|Posted by paul on July 22, 2012 at 5:05 AM|
Danny has had a brilliant summer, hasn't he? Of course, the key was KG's return, KG having signed a contract that turned out to be VERY team friendly, in comparison to other contracts signed around the NBA this summer. I know that I was down on KG early in the off-season, unfairly as it turns out, because it looked to me like his commitment to the 'Celtics Way', something that I seem to recall him talking about with tremendous passion, was more show than substance. Now it looks like KG is as true a Celtic as we have ever seen. Has anyone ever done more to tend the Celtics Pride flame that was lit by Bill Russell a half century ago now?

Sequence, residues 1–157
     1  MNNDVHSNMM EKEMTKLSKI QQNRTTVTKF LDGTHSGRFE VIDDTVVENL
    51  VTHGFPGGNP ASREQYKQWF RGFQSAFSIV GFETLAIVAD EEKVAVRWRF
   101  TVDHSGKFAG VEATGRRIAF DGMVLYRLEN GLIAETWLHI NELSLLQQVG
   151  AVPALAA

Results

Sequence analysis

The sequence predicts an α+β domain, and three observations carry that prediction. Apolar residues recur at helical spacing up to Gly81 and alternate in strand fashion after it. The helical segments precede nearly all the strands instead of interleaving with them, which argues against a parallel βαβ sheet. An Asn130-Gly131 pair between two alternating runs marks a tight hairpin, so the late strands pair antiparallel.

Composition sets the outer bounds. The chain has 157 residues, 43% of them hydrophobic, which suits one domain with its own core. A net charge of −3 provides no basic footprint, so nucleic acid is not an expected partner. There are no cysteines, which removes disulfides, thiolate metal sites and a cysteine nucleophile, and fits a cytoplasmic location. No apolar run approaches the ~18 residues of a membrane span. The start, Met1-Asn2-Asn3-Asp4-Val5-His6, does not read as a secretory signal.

Losing Ray hurt, but I can't blame Danny for this. I think Danny made an offer to Ray Allen which showed that he finally recognizes that it really is important to treat key players with respect, especially veterans who have meant so much to the team; I see it as a kind of 'mea culpa'. Danny simply must realize that he cannot ask players to give their all for the team, while keeping them permanently on the trading block. Loyalty has to be a two way street. Of course trades have to happen sometimes. Bill Russell himself would not have come to the Celtics had Red Auerbach not traded one of the teams most honored veterans, Ed Macauley. But the more a player gives to the team, and the more responsibility a player takes for carrying forward the Celtics Tradition, the more they should be embraced with the loyalty that the Celtics organization was once famous for.